BRAF+ melanoma
What makes it different, makes it vulnerable

BRAF mutation testing methods

There are several molecular platforms and methods available to analyse the BRAF mutation status of melanoma tissue, such as first-generation (Sanger) sequencing, polymerase chain reaction (PCR), mass spectrometry base sequencing, next generation sequencing (NGS), high-resolution melting (HRM) analysis, pyrosequencing, and immunohistochemistry.1,2 Each of these methods has different technical and practical advantages and certain limitations, which makes some methods better suited for particular settings and to the workflow in individual laboratories.1 One important consideration when selecting the testing methodology is its ability to detect not just the V600E mutation but also other less-common mutations at this location (e.g. V600K, V600E, V600D).

It is essential that the chosen method and test procedure is validated based on appropriate requirements of local regulatory and professional bodies and the laboratory undergoes continued quality assessment and control to assure best performance.

Sole reliance on a single assay is not always appropriate – a false-negative BRAF mutation result means that a patient who could potentially benefit from targeted BRAF-inhibitor therapy has been missed. Therefore, use of alternative second-line testing for tumour samples that are negative on the first assay can sometimes be a rational approach.3

Method1–4 How it works Additional information
1st- generation sequencing and its different modifications
  • Sanger chain-termination sequencing
  • Pyrosequencing
  • Mass spectrometry based sequencing
Established technology to ‘read the sequence’
  • Determining the order of the deoxynucleotide bases (dNTPs): Adenine, Guanine, Cytosine and Thymine, in analysed DNA and therefore identify mutations in genes of interest such as BRAF
  • It is able to generate and read sequence in a gene or genes of interest (e.g. genotyping)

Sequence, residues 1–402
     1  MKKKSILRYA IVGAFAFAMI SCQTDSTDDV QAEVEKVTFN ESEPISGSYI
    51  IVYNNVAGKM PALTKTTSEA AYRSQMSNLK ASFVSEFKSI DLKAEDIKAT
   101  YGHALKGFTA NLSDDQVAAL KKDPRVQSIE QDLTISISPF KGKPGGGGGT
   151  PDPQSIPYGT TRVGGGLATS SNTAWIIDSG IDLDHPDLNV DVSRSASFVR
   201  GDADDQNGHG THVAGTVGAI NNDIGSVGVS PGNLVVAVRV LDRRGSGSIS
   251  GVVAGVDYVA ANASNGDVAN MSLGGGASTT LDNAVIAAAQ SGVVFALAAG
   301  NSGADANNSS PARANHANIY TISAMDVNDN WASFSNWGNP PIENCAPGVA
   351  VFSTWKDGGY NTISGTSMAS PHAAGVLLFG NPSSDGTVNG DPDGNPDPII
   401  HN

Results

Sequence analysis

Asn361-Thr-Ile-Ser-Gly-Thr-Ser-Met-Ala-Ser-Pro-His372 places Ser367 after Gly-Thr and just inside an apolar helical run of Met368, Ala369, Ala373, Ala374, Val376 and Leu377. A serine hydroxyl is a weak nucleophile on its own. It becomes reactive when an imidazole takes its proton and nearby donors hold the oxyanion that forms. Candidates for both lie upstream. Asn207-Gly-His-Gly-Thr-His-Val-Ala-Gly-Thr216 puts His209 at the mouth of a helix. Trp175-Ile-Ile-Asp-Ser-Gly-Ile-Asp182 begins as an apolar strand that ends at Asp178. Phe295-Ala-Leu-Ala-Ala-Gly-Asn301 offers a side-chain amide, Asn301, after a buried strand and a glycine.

There are several methods based on this technology used in clinical practice for BRAF mutation detection

Sanger sequencing was once considered the ‘gold standard’ method for detection of DNA mutations and is often still used as a reference to which new methods are compared

Real-time PCR (polymerase chain reaction) and its different modifications
  • Taqman PCR
  • ARMS (amplification refractory mutation specific system)
Established technology that amplifies a single copy (or a few copies) of a DNA sequence, generating thousands to millions of copies (amplicons).
  • Allows for detection and measurement of the initial amount of DNA present in the sample
There are several methods based on this technology used in clinical practice for BRAF mutation detection
(next generation sequencing)
Emerging sequencing technology which is able to generate and read very large amounts of sequence (e.g. whole genome sequencing – 'genome-typing'). It is also referred to as massive parallel sequencing There are a number of cancer-related gene target panels which are currently being evaluated/used in clinical practice for detecting BRAF mutations among others; for example Ion Torrent™ NGS Ion AmpliSeq™ Panels5
(high-resolution melting)
Technology based on the analysis of the temperature gradient in which the double strands of the PCR products are separated or ‘melted.’
  • Different DNA molecules (based on whether they harbour given mutation or not) have different melting curve patterns
This technology is more often used in the research environment and to compare the new tests with a reference method
IHC (immunohistochemistry) Detects tumor cells harbouring a specific antigen by cytoplasmic staining of cells containing a mutation-specific monoclonal antibody2 Considered rapid, inexpensive technique, however specificity may be lower than other methods2
  1. Curry JL, et al. Molecular Platforms Utilized to Detect BRAF V600E Mutation in Melanoma. Semin Cutan Med Surg. 2012;31(4):267–73.
  2. Ihle MA, et al. Comparison of high resolution melting analysis, pyrosequencing, next generation sequencing and immunohistochemistry to conventional Sanger sequencing for the detection of p.V600E and non-p.V600E BRAF mutations. BMC Cancer. 2014;14:13.
  3. Colomba E, et al. Detection of BRAF p.V600E Mutations in Melanomas Comparison of Four Methods Argues for Sequential Use of Immunohistochemistry and Pyrosequencing. J Mol Diagn. 2013;15(1):94–100.
  4. Anderson S, et al. Multisite Analytic Performance Studies of a Real-Time Polymerase Chain Reaction Assay for the Detection of BRAF V600E Mutations in Formalin-Fixed Paraffin-Embedded Tissue Specimens of Malignant Melanoma. Arch Pathol Lab Med. 2012;136(11):1385–91.
  5. Thermo Fisher Scientific. Ion Torrent™ NGS Ion AmpliSeq™ Panels. Accessed August 28, 2019.